Autististic Burnout: What is it and how can you help?

Understanding of autistic people’s experiences is growing every day, and something that is being increasingly spoken about is a distressing state known as ‘autistic burnout’.

Here we look at what it is, the causes and how we can better support our autistic children for a happier future.

Autistic burnout is a chronic and prolonged state of physical, mental and emotional exhaustion that can be experienced by autistic people. It is often accompanied by a loss of skills, greater problems with emotional regulation and a reduced tolerance to stimulus. It can typically last over three months and will have a huge impact on every aspect of someone’s day-to-day life, even for the most basic tasks.

Many children first experience autistic burnout during puberty or during transitions in education, such as moving from primary to secondary school or leaving secondary school.

What causes autistic burnout?

Everyone is different but some common reasons include:

  • Masking or suppressing autistic behaviours for a long period of time.
  • Unreasonable expectations from family, school or society.
  • Stress from being repeatedly exposed to environments they are not comfortable with eg. noisy places or social situations.
  • Life changes, such as the loss of someone or a mental health crisis.
  • Poor boundaries or self-advocacy – not being able to take a break or say no.
  • Insufficient support and accommodations for their autistic needs.

How to prevent autistic burnout?

  • Provide the right support and accommodations for their specific needs, both at school and at home.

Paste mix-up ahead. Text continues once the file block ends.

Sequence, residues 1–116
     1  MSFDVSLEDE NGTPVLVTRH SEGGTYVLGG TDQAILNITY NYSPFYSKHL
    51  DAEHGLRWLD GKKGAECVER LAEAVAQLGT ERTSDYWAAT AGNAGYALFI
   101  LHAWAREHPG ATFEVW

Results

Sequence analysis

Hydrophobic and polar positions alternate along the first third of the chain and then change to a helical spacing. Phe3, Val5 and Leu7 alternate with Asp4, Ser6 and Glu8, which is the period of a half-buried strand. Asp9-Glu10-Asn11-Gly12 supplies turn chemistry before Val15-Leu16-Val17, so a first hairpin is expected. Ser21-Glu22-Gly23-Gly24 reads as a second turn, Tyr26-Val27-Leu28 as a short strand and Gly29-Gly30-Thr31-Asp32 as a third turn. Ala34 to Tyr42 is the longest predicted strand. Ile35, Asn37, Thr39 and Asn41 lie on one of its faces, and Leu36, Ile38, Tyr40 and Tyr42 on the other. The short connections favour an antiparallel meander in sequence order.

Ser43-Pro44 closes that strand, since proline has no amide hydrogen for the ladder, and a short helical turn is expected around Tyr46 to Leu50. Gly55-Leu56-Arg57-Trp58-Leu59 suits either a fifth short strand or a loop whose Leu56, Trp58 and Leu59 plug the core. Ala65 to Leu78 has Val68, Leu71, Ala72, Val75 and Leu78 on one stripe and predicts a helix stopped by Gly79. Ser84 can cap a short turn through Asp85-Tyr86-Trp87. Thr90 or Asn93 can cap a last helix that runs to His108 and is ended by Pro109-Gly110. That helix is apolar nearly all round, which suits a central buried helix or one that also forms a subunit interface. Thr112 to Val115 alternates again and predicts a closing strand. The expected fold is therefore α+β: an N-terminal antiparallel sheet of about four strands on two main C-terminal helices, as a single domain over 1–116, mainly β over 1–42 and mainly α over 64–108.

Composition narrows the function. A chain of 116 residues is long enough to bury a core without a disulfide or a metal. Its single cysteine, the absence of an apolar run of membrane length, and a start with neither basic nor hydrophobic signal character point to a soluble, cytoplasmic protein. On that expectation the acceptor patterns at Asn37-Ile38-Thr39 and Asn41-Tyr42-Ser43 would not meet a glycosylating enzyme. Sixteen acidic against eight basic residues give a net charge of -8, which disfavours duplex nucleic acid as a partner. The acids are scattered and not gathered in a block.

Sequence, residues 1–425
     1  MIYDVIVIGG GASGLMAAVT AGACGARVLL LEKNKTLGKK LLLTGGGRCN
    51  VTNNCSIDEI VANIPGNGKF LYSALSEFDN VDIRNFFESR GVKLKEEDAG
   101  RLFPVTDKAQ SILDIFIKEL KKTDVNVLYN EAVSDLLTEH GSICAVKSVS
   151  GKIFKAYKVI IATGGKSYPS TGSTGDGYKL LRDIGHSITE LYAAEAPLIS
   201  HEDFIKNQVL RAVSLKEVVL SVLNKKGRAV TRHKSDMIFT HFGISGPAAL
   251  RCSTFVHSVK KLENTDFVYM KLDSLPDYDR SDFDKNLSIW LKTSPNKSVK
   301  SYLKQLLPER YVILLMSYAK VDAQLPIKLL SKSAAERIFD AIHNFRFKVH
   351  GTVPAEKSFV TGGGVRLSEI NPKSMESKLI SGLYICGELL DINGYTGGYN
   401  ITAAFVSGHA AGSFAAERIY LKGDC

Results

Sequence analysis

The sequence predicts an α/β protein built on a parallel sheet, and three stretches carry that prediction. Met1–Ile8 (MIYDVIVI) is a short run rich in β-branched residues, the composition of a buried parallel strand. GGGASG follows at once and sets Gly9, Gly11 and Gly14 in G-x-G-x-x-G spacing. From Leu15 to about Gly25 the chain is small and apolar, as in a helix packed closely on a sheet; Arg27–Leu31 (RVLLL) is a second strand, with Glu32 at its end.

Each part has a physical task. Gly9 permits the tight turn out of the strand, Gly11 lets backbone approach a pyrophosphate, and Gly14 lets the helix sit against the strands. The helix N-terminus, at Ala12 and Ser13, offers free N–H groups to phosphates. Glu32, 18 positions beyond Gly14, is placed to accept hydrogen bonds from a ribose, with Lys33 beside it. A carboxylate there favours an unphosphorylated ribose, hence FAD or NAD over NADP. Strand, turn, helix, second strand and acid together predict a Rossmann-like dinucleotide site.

• Allow them to unmask comfortably and do things in an autistic way without judgement, e.g. stimming, spending time on special interests and having access to comfort items.
  • Reduce demands – if your child is struggling, allow them more breaks and take time off activities that they may find stressful or draining.
  • Promote self-advocacy – help them to set healthy boundaries and learn when others aren’t respecting boundaries. Learning to say ‘no’ to others is a process that they will need support with.
  • Better understanding – help your child to recognise and act on the early signs of autistic burnout by understanding the patterns of behaviour and feelings. You may need to do this on their behalf.

Supporting a child in burnout

Being in a state of autistic burnout is extremely distressing for a child and their family. It is not something they have a choice about, and it is important to acknowledge and validate their experience. They cannot simply ‘get better’ or ‘try harder’.

Experts believe the best way to support a child experiencing autistic burnout is to reduce external demands as much as possible for as long as they need to recover. This may mean time off school, clubs, sports activities and socialising, and giving them extra help with everyday tasks, like making food, tidying or bathing, even if they were able to do these things before.

By allowing them to decompress in any way they need to, with plenty of time and space with no pressures, they have a better chance of a faster recovery.

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